There is a good bit of evidence that Muslims are not particularly reluctant to say they are Muslim. First, the General Social Survey, which interviews respondents face-to-face in their homes, reports that only about one-third of one percent of all respondents typically decline to state a religious preference; almost none of those who do refuse to state a preference are immigrants from predominately Muslim nations or give other indications that they are Muslim. Second, we observed no significant change in the Muslim incidence in our own monthly surveys when comparing the period prior to 9/11 and the period afterward. If, as some have argued, Muslims were more reluctant to report their religious affiliation in the aftermath of the terrorist attacks, we should have seen a decline in the proportion of self-declared Muslims in our samples. It’s also important to mention that once we revealed the purpose of the survey to Muslim respondents, the vast majority agreed to continue with the survey. About eight-in-ten (79%) finished the survey (which lasted an average of 30 minutes), a completion rate nearly as high as the average for most Pew surveys (85%-90%). But even if a respondent quit the interview, they were counted as Muslim in the estimation of the size of the population.
What role, if any, did Muslims play in designing or conducting the study?
The project was planned with the assistance of an outside advisory board of eight noted authorities on Islam and Muslim Americans, most of whom are Muslims. The board was chaired by Dr. Amaney Jamal of Princeton University, who also served as senior project advisor. The board met twice in Washington to provide advice and counsel to project staff regarding sampling, questionnaire development, and survey administration. Two members of the advisory board conducted focus groups among Muslims in several U.S. cities to obtain input from the Muslim American public. In addition, all of the interviewers who conducted interviews in Arabic, Farsi, or Urdu were Muslims. The contribution of all of these Muslim Americans was invaluable. But it is important to note that Pew’s project staff had final editorial authority over the questionnaire and the study’s report, and the responsibility for the choices made in the study’s design and the interpretations presented in the report rests with them.
The report says the sample was based partly on a list of “Muslim sounding” names. Doesn’t this create a bias?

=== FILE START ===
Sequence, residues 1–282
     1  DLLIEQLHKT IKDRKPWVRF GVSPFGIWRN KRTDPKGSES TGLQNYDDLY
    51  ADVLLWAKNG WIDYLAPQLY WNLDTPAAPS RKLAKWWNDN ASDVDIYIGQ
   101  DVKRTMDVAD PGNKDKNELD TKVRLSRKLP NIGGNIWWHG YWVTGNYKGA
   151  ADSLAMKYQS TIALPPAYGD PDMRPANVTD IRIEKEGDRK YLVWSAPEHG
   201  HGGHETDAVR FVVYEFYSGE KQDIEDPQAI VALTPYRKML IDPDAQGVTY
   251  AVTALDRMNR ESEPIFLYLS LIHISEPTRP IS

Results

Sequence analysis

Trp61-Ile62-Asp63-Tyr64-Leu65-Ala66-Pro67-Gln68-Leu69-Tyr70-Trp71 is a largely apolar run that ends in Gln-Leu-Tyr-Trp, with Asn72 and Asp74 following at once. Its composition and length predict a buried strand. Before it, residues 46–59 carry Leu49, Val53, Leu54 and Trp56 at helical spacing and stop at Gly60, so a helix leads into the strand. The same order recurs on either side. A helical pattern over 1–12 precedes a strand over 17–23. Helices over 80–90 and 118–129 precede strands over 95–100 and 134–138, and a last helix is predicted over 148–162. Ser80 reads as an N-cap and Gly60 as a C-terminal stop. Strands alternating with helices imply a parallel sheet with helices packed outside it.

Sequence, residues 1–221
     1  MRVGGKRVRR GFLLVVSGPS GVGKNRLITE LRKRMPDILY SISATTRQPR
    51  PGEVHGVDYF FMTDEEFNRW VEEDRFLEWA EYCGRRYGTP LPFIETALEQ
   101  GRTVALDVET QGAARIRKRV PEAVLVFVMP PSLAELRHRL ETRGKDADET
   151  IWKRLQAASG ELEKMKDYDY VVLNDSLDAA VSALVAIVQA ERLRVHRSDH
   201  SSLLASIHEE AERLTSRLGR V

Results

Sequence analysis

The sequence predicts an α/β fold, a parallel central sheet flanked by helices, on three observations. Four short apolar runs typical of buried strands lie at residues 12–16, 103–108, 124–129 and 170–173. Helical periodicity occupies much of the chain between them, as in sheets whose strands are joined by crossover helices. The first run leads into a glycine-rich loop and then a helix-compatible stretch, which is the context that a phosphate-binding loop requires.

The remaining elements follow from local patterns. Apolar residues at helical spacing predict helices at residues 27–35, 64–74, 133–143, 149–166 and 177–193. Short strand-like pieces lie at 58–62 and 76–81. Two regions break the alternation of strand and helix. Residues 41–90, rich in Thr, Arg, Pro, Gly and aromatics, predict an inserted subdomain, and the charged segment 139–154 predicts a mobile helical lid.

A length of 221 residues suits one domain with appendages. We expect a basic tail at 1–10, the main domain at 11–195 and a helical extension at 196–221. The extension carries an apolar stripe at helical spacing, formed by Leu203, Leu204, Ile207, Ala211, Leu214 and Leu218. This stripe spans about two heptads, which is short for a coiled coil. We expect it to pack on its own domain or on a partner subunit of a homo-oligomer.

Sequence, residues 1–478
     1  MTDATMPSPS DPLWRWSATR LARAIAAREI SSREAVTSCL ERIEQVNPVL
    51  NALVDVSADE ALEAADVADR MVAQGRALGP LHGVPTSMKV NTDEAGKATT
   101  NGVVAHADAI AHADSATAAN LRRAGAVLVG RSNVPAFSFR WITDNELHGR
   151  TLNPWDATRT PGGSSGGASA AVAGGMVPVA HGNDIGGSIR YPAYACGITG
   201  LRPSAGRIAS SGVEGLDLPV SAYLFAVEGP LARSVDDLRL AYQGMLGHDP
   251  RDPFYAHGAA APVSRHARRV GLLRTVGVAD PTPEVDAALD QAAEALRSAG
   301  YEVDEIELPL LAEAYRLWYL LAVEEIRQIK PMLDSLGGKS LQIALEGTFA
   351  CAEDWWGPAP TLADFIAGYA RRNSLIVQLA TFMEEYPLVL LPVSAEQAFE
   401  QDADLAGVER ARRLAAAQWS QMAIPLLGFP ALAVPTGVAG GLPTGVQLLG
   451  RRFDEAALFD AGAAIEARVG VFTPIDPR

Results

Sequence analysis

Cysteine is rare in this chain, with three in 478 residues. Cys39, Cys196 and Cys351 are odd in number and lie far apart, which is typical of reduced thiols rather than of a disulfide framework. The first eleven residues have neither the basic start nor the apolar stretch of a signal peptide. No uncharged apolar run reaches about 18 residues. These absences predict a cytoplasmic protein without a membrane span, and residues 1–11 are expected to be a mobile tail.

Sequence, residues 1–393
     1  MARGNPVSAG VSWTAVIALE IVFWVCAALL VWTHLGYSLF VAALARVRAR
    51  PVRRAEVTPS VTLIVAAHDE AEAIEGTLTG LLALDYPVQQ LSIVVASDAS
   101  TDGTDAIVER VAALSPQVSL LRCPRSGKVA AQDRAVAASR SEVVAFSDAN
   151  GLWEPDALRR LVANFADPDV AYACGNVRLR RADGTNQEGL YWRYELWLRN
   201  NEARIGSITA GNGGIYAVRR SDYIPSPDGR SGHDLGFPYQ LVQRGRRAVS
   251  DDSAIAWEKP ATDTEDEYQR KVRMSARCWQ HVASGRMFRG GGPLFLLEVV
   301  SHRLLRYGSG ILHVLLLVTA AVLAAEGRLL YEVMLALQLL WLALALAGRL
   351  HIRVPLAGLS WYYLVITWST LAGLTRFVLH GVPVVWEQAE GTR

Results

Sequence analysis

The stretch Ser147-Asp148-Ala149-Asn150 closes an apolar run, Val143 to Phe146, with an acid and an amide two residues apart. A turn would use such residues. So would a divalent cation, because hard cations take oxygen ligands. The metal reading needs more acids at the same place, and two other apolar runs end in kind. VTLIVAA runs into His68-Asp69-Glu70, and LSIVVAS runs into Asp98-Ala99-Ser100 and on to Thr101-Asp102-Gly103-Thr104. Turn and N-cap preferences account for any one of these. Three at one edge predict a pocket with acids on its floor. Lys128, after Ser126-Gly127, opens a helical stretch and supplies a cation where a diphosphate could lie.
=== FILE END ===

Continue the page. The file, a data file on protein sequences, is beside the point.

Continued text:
It would if we had relied only on the list. But the list was estimated to include only about 20% of all Muslim Americans, and so respondents interviewed from the list are statistically weighted to represent just 20% of the full sample
Wouldn’t many Muslim Americans be afraid to be honest about their views on many sensitive questions, especially where the U.S. government and foreign policy are concerned? Wouldn’t they hesitate to say that they don’t like President Bush or the war on terrorism?
We were concerned about this but don’t think it was a particularly serious problem. Before asking the most sensitive questions – regarding suicide bombing, Al Qaeda, the Israeli-Palestinian conflict and the like – we attempted to establish a bond of trust with the respondent by asking about a broad range of topics including their own experiences and problems in the U.S. We hoped that the effect of giving respondents an opportunity to talk about the challenges they face, their social ties, their religious beliefs, and other topics would put them at ease about the goals of the study and the uses to which it would be put.
Indeed, we saw no reluctance to express unhappiness with U.S. government policy or with the president. Only 15% of Muslim American respondents said they approve of the job President Bush is doing, and just 12% believe the U.S. made the right decision to use military force in Iraq. More than half (55%) say the U.S.-led war on terrorism is not a sincere effort to reduce international terrorism. These responses strongly suggest that there was little hesitation on the part of most respondents to say what they thought. It is noteworthy that these findings and others in the survey are very similar to those of Muslim voters’ responses to the 2004 exit poll conducted on Election Day that year. The exit poll is an anonymous survey, filled out in private by the voter and dropped into a box along with the questionnaires from other voters; the interviewer does not see the responses until later and could not associate a particular questionnaire with any given voter.